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[dih-teyn] /dɪˈteɪn/
verb (used with object)
to keep from proceeding; keep waiting; delay.
to keep under restraint or in custody.
Obsolete. to keep back or withhold, as from a person.
Origin of detain
1480-90; detainen < Anglo-French, Old French detenir < Vulgar Latin *dētenīre, for Latin dētinēre, equivalent to dē- de- + -tinēre, combining form of tenēre to hold
Related forms
detainable, adjective
detainment, noun
predetain, verb (used with object)
undetainable, adjective
undetained, adjective
1. retard, stop, slow, stay, check. Unabridged
Based on the Random House Dictionary, © Random House, Inc. 2015.
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Examples from the Web for detain
Contemporary Examples
Historical Examples
  • Margaret still held the King's hand, and sought to detain him.

    Two Penniless Princesses Charlotte M. Yonge
  • What he had to say therefore on the subject would not detain them long.

  • You want to get away from this, I suppose; and as nobody wants to detain you, the thing is easy enough.

    A Day's Ride Charles James Lever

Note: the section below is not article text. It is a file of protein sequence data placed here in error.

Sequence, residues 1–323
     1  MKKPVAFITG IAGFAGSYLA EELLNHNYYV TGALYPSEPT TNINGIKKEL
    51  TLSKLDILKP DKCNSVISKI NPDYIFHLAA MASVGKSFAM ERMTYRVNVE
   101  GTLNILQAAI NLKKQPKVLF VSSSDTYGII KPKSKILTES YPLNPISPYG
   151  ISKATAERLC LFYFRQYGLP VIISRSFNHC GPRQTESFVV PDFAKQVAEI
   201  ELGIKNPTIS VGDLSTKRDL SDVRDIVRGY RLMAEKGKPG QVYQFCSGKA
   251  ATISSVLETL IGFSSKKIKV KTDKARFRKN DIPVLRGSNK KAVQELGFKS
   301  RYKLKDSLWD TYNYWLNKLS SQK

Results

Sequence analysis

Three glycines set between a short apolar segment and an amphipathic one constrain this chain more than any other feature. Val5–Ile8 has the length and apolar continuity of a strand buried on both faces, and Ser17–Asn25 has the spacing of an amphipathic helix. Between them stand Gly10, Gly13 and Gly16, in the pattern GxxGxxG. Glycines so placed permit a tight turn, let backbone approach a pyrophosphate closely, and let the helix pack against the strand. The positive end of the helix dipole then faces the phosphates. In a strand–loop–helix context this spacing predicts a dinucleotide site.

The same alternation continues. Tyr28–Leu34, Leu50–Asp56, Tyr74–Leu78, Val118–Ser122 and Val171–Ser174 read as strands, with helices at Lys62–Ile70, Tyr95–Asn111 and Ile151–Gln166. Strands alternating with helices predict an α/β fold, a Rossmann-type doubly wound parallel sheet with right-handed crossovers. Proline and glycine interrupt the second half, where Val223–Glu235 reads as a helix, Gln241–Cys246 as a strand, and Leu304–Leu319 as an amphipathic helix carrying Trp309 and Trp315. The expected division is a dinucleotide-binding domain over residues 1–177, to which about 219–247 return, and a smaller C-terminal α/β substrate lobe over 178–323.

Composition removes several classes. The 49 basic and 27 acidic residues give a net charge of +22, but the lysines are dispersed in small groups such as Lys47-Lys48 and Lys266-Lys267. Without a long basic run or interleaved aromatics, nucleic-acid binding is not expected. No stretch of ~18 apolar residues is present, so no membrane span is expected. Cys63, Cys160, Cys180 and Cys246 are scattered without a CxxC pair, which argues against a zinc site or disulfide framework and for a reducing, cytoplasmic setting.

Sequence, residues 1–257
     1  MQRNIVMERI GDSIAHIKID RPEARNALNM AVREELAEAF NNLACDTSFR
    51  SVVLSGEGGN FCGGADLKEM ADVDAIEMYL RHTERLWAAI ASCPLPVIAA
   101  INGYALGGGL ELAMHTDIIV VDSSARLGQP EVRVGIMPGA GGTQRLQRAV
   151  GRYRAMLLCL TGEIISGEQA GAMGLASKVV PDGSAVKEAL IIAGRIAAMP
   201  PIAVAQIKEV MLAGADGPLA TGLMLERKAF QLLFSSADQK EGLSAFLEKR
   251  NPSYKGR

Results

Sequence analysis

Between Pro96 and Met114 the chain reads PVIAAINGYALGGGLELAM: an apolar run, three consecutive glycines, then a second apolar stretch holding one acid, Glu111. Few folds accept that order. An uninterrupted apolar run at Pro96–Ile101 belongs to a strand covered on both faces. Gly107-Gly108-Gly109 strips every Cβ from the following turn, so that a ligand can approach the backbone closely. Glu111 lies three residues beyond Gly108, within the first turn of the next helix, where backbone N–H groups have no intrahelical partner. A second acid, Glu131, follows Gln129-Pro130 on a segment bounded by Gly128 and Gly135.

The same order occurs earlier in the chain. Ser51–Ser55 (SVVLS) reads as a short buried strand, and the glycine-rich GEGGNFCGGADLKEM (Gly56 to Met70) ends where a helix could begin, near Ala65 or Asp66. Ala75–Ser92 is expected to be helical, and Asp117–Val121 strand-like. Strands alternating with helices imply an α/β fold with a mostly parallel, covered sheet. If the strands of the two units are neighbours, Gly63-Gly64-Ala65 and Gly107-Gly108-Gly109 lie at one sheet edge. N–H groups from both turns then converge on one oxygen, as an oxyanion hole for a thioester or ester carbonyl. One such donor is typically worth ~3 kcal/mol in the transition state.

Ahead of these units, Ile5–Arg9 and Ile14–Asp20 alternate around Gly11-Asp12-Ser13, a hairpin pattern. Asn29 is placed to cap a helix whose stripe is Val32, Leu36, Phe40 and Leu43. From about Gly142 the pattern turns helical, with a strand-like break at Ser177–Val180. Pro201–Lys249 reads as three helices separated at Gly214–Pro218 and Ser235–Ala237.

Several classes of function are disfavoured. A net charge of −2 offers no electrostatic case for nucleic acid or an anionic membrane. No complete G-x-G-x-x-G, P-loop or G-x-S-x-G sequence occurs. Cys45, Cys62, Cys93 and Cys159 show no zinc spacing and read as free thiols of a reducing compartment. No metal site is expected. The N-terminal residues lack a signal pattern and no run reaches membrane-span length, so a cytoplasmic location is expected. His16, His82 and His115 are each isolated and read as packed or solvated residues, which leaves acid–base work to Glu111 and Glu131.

• Mrs. Menotti tried to detain him; she could not understand what was amiss.

    Rico and Wiseli Johanna Spyri
  • To the other priests and his wife who sought to detain him, he had answered, "Where the flock is there should the shepherd be!"

    Homo Sum, Complete Georg Ebers
British Dictionary definitions for detain


verb (transitive)
to delay; hold back; stop
to confine or hold in custody; restrain
(archaic) to retain or withhold
Derived Forms
detainable, adjective
detainee (ˌdiːteɪˈniː) noun
detainment, noun
Word Origin
C15: from Old French detenir, from Latin dētinēre to hold off, keep back, from de- + tenēre to hold
Collins English Dictionary - Complete & Unabridged 2012 Digital Edition
© William Collins Sons & Co. Ltd. 1979, 1986 © HarperCollins
Publishers 1998, 2000, 2003, 2005, 2006, 2007, 2009, 2012
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Word Origin and History for detain

early 15c., deteynen, from Old French detenir "to hold off, keep back" (12c.), from Latin detinere "hold off, keep back," from de- "from, away" (see de-) + tenere "to hold" (see tenet). Modern spelling is 17c., from influence of contain, retain, etc. Related: Detained; detaining.

Online Etymology Dictionary, © 2010 Douglas Harper
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